Implementing a company-wide shredding strategy is the simplest way to harden your defenses against potentially catastrophic data breaches. It provides necessary guidance for employees to enable them to make better, safer choices with regards to confidential information.

The first step of creating a shredding policy is closely examine the way sensitive data currently flows throughout your organization.

Gaining a better understanding of who handles this kind of information, and the practices currently in place can help you identify any potential problem areas that will require special consideration.

It can also help paint a clearer picture of who has unnecessary access to sensitive data, ensuring only those who need it to fulfill their job duties are able to view it.

Next, you’ll need to create a records retention policy if you don’t have one already. A retention policy is basically an outline of how a company and its employees will manage company documents and records from creation to destruction.

Many industries have data retention requirements that dictate how long certain documents need to be kept before they can be destroyed. State and federal data privacy laws usually include their own retention requirements as well, so be sure that your retention policy meets these standards.

The last step is to figure out how you will dispose of your data when it is no longer needed, and who will be held accountable for that process. Will you purchase equipment and provide the training to handle the process in house? Will your employees be ultimately responsible for the safety of your data? Or will you simplify the document destruction process by hiring a professional shredding company like SecureScan?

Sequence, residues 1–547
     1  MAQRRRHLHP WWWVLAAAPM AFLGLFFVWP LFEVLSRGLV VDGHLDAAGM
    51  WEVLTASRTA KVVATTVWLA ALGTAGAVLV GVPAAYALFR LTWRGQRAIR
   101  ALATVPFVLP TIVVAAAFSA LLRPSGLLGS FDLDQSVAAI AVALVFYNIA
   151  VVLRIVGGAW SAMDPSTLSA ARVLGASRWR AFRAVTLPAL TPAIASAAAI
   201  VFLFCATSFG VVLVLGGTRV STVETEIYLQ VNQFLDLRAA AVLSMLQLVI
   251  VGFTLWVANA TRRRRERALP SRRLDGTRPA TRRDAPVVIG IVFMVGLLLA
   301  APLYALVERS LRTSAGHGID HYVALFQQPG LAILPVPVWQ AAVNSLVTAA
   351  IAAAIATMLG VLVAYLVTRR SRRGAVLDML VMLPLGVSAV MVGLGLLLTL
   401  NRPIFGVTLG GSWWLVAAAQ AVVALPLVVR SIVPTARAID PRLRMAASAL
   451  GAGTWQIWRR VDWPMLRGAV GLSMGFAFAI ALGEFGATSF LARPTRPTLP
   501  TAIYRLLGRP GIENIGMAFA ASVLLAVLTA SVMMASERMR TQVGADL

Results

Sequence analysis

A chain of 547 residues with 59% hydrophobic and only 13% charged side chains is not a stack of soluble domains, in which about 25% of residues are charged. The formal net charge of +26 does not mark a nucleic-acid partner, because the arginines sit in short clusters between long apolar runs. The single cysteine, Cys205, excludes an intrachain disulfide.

SecureScan provides ultra-secure locking shredding bins that can be placed in convenient, high traffic locations throughout your office, where employees can simply deposit their sensitive documents and walk away. No more confusing rules, no more wasted time shredding documents, no more mistakes. Nothing could be easier.

At an interval of your choosing, we will return with our NAID AAA® certified document destruction team to collect your bins and discreetly shred their contents directly outside your office, where you are able to watch the process if you so choose.

Last, we return the bins where we found them to be filled again by your employees, without disturbance. We also provide you with a certificate of destruction after every visit, which serves as documented proof and our guarantee that your data was destroyed in accordance with data privacy best practices.

For businesses who also have an accumulation of old documents that need to be destroyed, we also offer a one time shredding purge, where we will come to destroy a large volume of documents all in one go, helping you get you caught up and ready for a fresh start.

Conclusion

A shredding policy is a critical component of any document management plan. Just remember, it is important that you effectively communicate your shredding policy to your employees, providing training and guidance where necessary. After all, it is your staff who will likely be your last line of defense in protecting your data.

Let us help you improve data security while reducing your employee’s workload. Contact us for an obligation free price quote and schedule your first appointment.